By Lisa Moser, K-State Research and Extension news service
MANHATTAN, Kan. — The old saying “an ounce of prevention is worth a pound of cure,” coined by Benjamin Franklin in 1736 still holds true today when talking about men’s health and cancer prevention.
Speaking about three of the most common cancers in men — prostate, testicular and colorectal — K-State Research and Extension family and consumer sciences agent Holly Miner said the key to reducing risk is early detection though screening.
“Early detection increases the treatment options and may decrease the spread of cancer to other areas of the body,” Miner said.
Of the three common cancers in men, Miner said prostate cancer is the most common in American men, after skin cancer.
“If your father or brother had prostate cancer, you are more likely to develop it,” Miner said. “A diet high in fat also increases the risk.”
She said screening is recommended for men ages 55-69 and can be done with a blood test.
“Research has also shown that men over the age of 70 should consult with their healthcare professional for screening recommendations,” Miner said.
Testicular cancer is another uniquely male problem. Miner said this disease typically occurs in men 20-35 years old, but has a low chance of occurrence, approximately .0004%.
“A family history of testicular cancer, men with HIV and white men have a great risk for this cancer compared to other ethnicities,” Miner said. She added that men who did not have a testicle drop down at birth or within the first year of life, as well as men who have had cancer in one testicle, are also at a greater risk.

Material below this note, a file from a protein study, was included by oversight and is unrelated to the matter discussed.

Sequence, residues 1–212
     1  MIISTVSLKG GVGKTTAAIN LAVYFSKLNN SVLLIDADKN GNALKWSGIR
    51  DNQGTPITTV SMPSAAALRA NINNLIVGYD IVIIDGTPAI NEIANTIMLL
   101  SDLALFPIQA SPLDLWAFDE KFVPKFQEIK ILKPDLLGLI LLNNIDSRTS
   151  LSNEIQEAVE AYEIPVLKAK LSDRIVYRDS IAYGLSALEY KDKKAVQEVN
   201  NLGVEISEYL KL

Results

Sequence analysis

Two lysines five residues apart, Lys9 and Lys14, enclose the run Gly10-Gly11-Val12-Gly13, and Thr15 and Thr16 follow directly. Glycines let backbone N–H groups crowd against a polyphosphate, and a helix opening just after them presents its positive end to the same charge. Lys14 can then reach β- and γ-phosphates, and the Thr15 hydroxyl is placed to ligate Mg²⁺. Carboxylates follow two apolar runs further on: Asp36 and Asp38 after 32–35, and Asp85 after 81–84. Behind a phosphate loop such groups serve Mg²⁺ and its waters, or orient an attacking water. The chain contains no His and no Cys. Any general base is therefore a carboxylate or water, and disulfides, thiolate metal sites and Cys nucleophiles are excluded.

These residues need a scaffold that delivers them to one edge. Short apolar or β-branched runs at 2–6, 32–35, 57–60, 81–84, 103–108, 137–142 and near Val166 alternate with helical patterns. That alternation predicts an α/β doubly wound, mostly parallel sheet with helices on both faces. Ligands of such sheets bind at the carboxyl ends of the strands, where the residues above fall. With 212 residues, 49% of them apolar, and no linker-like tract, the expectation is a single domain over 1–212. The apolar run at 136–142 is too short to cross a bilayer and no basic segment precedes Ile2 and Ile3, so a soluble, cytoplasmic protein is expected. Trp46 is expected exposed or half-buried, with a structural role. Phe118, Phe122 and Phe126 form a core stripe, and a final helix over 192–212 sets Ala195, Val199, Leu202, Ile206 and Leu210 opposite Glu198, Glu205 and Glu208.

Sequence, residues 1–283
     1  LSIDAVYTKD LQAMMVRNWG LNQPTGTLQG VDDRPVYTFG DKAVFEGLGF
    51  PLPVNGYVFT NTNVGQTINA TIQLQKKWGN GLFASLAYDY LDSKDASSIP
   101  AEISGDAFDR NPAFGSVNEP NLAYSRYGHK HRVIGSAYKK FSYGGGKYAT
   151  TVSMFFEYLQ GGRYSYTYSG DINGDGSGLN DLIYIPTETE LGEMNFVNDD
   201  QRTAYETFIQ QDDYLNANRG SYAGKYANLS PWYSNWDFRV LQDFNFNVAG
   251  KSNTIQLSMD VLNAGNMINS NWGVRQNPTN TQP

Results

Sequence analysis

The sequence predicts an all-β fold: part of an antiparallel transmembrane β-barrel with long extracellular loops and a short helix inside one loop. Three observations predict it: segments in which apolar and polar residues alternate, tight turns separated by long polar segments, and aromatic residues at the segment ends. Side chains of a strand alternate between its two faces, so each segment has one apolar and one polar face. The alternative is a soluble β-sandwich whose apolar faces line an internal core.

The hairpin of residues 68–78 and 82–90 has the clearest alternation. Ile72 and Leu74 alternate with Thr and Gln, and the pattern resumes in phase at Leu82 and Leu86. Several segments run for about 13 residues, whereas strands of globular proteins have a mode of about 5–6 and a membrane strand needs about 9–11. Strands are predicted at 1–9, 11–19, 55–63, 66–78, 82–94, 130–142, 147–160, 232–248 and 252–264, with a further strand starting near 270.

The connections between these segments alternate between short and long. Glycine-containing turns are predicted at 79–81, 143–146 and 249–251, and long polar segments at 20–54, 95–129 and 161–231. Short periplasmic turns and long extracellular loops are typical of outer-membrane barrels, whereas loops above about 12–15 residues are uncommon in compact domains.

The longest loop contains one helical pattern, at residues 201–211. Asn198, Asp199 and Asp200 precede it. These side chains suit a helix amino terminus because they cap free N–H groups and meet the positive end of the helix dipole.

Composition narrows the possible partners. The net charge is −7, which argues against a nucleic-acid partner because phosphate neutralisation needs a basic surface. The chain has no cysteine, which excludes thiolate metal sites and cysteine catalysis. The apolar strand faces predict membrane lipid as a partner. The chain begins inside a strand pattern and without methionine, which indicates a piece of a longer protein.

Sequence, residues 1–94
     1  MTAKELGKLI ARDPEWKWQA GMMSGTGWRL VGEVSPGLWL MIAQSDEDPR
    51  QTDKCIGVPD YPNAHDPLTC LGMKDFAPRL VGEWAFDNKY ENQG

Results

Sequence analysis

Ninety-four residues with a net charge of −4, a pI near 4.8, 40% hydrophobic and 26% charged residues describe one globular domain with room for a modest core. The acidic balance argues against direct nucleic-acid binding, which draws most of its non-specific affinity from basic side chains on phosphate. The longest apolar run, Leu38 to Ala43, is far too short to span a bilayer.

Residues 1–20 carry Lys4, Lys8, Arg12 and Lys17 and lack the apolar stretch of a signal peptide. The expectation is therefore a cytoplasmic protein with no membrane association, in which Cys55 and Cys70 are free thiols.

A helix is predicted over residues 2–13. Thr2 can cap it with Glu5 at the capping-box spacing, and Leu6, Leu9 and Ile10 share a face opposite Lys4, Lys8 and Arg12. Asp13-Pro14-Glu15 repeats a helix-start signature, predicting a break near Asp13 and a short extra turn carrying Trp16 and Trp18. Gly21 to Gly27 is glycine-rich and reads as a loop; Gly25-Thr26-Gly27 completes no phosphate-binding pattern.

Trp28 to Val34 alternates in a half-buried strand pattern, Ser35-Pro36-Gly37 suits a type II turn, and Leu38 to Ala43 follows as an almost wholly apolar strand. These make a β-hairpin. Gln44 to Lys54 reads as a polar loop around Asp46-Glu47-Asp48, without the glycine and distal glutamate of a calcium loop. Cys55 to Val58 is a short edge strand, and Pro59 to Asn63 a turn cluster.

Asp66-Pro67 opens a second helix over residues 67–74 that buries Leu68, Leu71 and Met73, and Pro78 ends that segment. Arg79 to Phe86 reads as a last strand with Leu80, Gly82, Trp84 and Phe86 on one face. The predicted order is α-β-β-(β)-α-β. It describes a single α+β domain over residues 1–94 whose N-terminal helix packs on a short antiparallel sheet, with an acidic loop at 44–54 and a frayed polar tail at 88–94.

Screening for this can be done at home monthly by feeling for a lump in the testicle. Any changes in the scrotum should be reported to a medical professional, Miner said.
A cancer that afflicts men and women alike is colorectal cancer, which Miner said is the third most frequently diagnosed cancer in the U.S. and accounts for 9% of all cancer-related deaths.
“If detected early, colorectal cancer can be prevented or treated without death occurring,” Miner said.
Risk factors for colorectal cancer include age, personal or family history of this cancer, being obese, excessive alcohol or tobacco use or being of African American decent, according to Miner.
There are several screening options to include annual fecal occult blood test, coloscopy, virtual colonoscopy via X-Rays, and DNA stool test.
“Because there are so many different types of screenings for colon cancer, the best thing to do is consult with your health care professional to figure out which one is the best for you,” Miner said.
With all cancers, a healthy diet is key in risk reduction. Miner offered these tips:
- Eat nutrient-dense foods
- Consume a variety of vegetables, including those that are dark green, red/orange, beans, peas and lentils
- Select whole fruits, frozen or canned fruits packed in juice or water (not syrup)
- Make sure grain products are at least half whole grains
- Choose fat-free or low-fat dairy products and/or lactose-free versions and fortified soy beverages
- Select lean protein foods and protein alternatives
- Limit saturated fats by selected unsaturated oils and foods
- Reduce sodium intake
- Drink alcohol in moderation and reduce foods with high or added sugars
“Your health is important. Taking steps to prevent, detect and care for yourself now will lead to a healthier and more fulfilling life,” Miner said.
A fact sheet on men’s health — titled, Cancer: Early Detection and Prevention — is available online from K-State Research and Extension.